Singapore's story in a moving tale of love and loss
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More About This Title THE RIVER'S SONG


An Asian American music professor, Ping, goes back to Singapore to visit her mother after a long period of estrangement.

Her journey brings back the memory of her youth when Ping loved Weng, the voice of the people, - but family circumstances drove them apart.

Many years later, Ping returns to a country transformed by prosperity. Gone are the boatmen and hawkers who once lived along the river. In their place, rise luminous glass and steel towers proclaiming the power of the city state. Can Ping face her former lover and reveal the secret that has separated them for over thirty years?

A beautifully written exploration of identity, love and loss, set against the social upheaval created by the rise of Singapore.


Suchen Christine Lim is one of Singapore's most distinguished writers. In 1992, her third novel, Fistful of Colours, was awarded the Inaugural Singapore Literature Prize. A Bit Of Earth (2000), her fourth novel, and a short-story collection, The Lies That Build A Marriage (2007) were subsequently shortlisted for the same prize.
Awarded a Fulbright grant in 1997, she is a Fellow of the International Writers’ Program, University of Iowa, and the first Singapore writer honoured as the university’s International Writer-in-Residence in 2000.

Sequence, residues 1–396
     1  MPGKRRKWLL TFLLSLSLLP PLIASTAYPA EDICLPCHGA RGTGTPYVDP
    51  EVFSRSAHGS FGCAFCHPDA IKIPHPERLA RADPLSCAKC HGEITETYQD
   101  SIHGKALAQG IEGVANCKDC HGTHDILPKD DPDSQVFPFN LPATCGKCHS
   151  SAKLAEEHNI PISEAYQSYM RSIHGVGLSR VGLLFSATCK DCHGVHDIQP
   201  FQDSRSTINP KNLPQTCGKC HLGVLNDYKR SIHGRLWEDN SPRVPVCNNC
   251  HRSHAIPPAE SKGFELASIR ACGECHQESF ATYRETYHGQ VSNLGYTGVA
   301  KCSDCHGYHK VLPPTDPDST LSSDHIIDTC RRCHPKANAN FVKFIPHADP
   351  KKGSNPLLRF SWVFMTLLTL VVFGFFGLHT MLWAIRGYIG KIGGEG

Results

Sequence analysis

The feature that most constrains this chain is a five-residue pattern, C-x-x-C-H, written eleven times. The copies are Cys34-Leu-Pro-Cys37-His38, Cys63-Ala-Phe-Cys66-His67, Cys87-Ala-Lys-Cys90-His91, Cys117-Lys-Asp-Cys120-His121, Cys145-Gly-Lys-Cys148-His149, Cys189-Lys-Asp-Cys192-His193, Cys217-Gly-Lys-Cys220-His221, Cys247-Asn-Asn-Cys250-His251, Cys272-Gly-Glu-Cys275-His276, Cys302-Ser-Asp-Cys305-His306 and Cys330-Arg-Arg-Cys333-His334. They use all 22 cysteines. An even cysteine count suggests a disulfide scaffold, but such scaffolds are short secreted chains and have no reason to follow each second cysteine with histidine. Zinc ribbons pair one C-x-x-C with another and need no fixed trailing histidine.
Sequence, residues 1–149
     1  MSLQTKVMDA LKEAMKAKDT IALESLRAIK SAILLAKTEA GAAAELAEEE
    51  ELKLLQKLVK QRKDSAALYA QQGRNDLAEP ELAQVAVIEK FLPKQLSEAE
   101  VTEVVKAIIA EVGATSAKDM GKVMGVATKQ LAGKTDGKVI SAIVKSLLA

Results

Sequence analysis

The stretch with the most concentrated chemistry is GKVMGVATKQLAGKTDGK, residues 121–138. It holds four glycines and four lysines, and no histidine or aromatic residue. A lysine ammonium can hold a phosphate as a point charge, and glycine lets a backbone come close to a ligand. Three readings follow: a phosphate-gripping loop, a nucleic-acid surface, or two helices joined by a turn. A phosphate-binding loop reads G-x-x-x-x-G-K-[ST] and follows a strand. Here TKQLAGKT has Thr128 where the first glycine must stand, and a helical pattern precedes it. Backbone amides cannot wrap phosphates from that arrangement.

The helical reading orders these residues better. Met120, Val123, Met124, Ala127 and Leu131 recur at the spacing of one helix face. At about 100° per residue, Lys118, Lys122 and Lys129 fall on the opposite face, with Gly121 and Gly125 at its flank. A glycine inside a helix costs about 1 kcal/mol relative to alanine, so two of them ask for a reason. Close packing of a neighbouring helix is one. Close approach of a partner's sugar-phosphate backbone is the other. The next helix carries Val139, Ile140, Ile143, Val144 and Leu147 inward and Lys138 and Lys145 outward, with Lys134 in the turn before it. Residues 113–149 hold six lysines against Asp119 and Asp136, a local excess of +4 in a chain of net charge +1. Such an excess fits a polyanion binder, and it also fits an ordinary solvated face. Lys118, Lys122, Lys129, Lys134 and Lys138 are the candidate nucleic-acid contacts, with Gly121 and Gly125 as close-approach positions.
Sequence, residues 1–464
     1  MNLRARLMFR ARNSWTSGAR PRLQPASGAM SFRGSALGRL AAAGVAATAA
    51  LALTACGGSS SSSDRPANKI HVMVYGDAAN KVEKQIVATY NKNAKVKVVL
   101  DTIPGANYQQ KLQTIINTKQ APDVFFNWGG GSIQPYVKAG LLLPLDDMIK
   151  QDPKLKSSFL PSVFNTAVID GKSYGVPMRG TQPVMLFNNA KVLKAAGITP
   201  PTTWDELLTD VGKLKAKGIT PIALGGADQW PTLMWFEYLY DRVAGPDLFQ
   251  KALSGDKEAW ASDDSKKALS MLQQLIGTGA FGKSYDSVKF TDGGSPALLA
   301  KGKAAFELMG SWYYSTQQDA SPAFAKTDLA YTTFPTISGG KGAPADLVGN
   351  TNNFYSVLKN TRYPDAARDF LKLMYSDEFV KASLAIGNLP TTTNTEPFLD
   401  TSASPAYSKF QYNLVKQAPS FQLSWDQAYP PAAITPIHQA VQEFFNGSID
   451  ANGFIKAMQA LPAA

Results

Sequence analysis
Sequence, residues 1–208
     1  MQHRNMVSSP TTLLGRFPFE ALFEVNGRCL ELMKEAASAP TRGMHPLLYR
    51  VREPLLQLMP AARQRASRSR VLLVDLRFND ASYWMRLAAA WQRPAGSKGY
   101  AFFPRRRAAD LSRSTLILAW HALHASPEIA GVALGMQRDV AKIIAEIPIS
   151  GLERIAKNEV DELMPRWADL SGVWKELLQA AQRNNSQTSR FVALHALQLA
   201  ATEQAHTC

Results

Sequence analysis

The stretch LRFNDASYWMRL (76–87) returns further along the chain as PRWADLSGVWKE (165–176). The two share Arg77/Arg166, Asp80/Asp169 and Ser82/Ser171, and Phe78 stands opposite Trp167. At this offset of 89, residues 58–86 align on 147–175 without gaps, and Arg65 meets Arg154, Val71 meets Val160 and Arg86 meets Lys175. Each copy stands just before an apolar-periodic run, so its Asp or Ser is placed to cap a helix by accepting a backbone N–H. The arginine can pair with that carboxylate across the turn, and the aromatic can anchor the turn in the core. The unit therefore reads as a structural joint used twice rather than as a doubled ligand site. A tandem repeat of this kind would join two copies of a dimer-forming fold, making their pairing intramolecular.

Since then, she has also held writing residencies in Myanmar, the Philippines, South Korea and at the University of Western Australia in Perth. In 2011, she was the Visiting Fellow in Creative Writing at the Nanyang Technological University (NTU), Singapore. In 2012, she won the South East Asia Write Award.
In the UK, she has regularly been writer in residence at the Arvon Foundation and will return to Moniack Mhor in Scotland in 2013 to lead a writing retreat.


‘… just as the best novels should be but so rarely are: like immersion in a vivid dream. I couldn't decide whether to read it slowly in order to savour every word, or to race along, mesmerised by Lim's dazzling story-telling.’

Jill Dawson, British author of The Great Lover, (Richard and Judy’s Bookclub).

“… a winning coming of age novel that bridges the years and countries. Here is the buoyancy of sentences and a testimony of resilience.”

Krys Lee, award winning Korean author of The Drifting House

‘ - powerful, deep and moving - draws you in and pulls you along irresistibly. Its heartfelt swell will carry you away to a place of passion and resonant conviction."

Kevin MacNeil, Scottish author of the best-selling The Stornaway Way

'A touching story that retrieves Singapore’s fast disappearing past and gives its famous river the depth and colour of a people’s history, and a wonderful rendition of the pipa, on the page, as mother and daughter play their songs from the heart.’

Romesh Gunasekera author of Reef, shortlisted for the Booker Prize